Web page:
Square foot gardening is a new and innovative way to set up a small garden for optimal use of soil, space, light and water. As such, it’s a great solution for those who have small home spaces that they want to use for “postage stamp” gardens that will nevertheless provide them with a good amount of vegetables or herbs for daily consumption. Setting up a square foot garden on your balcony, terrace or patio can be a reality, but only with some effort and attention to detail, as well as a good bit of follow-through.
Check for Light
Before setting up your square foot garden, it’s a good idea to check your balcony space for the amount of light it receives daily. Do a quick check at different times of the day and make an assessment about the best spot for the garden within your available space.
Trucking in Soil
One of the big planning aspects of a square foot garden is that it is usually made in a raised bed, with wooden sides. The raised bed gets filled up with soil that may or may not be from the gardener’s own property. One benefit of this is that a square foot garden can be done on a balcony, roof of other surface that doesn’t have its own soil. The trick is to get the right soil for the job.
When you have located an available soil source, think about getting a soil test done to learn more about the makeup of the topsoil that you will use. Bagged fertilizers can be added to the soil to make the garden grow better. Compost is also another popular way to enrich soil that may be poor in some kind of nutrients. Doing your homework on the soil that you will transplant to your square foot garden will get you much better final results.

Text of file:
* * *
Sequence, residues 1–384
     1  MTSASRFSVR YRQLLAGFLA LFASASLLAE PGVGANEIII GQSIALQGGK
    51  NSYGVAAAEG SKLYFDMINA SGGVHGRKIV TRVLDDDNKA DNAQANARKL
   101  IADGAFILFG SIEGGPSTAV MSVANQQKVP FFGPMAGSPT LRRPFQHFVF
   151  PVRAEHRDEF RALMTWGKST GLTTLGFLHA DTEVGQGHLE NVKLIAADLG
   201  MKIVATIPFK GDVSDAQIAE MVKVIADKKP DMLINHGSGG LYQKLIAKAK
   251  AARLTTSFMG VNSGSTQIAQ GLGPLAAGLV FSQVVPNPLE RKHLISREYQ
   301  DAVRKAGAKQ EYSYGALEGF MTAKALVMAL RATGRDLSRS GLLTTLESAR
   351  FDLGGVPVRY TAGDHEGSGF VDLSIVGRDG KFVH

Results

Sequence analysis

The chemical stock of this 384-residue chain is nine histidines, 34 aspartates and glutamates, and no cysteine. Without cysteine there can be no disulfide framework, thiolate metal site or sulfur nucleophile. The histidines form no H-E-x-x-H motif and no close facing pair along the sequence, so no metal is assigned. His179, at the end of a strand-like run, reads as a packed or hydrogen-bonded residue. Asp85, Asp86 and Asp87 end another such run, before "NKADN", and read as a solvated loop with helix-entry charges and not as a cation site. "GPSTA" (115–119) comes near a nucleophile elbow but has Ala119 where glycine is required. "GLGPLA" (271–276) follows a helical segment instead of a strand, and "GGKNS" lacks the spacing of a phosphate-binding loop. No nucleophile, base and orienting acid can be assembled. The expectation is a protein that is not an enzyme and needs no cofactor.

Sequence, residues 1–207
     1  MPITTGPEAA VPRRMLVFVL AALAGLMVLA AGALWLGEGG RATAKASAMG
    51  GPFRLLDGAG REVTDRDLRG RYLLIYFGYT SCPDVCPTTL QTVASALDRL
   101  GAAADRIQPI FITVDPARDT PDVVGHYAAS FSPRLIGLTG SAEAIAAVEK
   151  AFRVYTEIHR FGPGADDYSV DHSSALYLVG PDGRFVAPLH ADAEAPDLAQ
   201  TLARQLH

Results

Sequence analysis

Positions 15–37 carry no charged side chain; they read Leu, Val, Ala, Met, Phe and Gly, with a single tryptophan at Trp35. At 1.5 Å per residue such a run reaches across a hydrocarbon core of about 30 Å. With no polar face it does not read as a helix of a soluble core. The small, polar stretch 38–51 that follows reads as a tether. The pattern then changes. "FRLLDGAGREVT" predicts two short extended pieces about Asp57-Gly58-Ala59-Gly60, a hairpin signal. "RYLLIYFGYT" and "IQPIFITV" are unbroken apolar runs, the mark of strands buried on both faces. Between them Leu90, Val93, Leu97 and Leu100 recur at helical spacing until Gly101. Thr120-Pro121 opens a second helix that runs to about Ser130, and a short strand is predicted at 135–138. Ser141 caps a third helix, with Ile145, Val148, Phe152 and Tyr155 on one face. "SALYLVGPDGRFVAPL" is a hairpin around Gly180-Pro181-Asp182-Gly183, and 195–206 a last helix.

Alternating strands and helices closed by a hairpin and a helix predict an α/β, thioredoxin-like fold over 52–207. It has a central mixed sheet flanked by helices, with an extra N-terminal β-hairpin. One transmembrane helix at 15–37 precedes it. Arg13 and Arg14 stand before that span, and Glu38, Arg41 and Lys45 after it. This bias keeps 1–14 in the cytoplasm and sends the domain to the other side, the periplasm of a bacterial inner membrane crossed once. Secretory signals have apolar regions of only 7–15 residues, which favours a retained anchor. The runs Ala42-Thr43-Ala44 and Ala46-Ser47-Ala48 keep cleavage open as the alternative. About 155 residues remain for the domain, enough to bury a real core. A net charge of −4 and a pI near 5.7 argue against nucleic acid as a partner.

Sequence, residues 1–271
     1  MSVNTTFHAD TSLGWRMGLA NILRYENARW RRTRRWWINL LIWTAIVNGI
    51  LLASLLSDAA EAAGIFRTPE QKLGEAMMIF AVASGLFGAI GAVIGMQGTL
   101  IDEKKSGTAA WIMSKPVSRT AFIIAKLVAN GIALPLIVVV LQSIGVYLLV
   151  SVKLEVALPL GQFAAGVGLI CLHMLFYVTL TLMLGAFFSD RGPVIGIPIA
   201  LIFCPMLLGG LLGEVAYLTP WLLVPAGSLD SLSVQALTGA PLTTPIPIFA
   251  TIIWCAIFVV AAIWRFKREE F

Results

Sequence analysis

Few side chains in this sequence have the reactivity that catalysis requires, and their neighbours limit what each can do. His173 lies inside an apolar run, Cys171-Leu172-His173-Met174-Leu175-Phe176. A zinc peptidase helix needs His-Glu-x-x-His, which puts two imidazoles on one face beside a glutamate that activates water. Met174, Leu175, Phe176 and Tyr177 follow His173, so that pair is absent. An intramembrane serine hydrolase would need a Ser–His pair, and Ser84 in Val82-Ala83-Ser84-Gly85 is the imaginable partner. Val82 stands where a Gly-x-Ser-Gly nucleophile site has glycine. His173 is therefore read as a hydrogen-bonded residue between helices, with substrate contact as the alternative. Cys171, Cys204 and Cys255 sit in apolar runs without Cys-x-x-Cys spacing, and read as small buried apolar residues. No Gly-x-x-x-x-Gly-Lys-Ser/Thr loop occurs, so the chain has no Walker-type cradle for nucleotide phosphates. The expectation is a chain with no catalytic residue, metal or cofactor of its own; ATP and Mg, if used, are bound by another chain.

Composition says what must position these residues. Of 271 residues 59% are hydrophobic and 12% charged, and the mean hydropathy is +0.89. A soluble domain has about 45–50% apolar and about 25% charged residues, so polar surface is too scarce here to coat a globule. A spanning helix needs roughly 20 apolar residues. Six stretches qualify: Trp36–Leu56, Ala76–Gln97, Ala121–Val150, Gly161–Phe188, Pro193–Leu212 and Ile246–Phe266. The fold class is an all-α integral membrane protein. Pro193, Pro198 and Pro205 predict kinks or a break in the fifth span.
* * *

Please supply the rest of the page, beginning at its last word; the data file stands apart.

Setting Up the Square Foot Garden
Generally, all you need to set up your garden is the solid wood planks that will function as the sides of the raised bed, and some additional wooden shims to mark out single square foot spaces. The conventional square foot garden is set up in a grid that is 4 feet by 4 feet, with 16 single square foot beds for plants. You’ll put a certain amount of seed into each single square foot. Your plants will share space and bump elbows, but with the right ratios, they’ll thrive.
Support Special Plants
Some plants have additional support needs. Tomatoes are an example of a plant in your square foot garden that will grow vertically. This is great for utilizing a balcony space or other small area, but be sure that you have the proper method for staking, wiring, or otherwise supporting these sensitive plants. Corn is another crop that will need some vertical support, especially in high winds.
With all of the above in place, you’re all set to benefit from a square foot garden design. For more, square foot gardeners can check out Mel Bartholomew’s original book on the subject or check out forums and web sites offering detailed guidance based on the trial and error of others. With practice, you’ll become a pro at using less space to grow more food.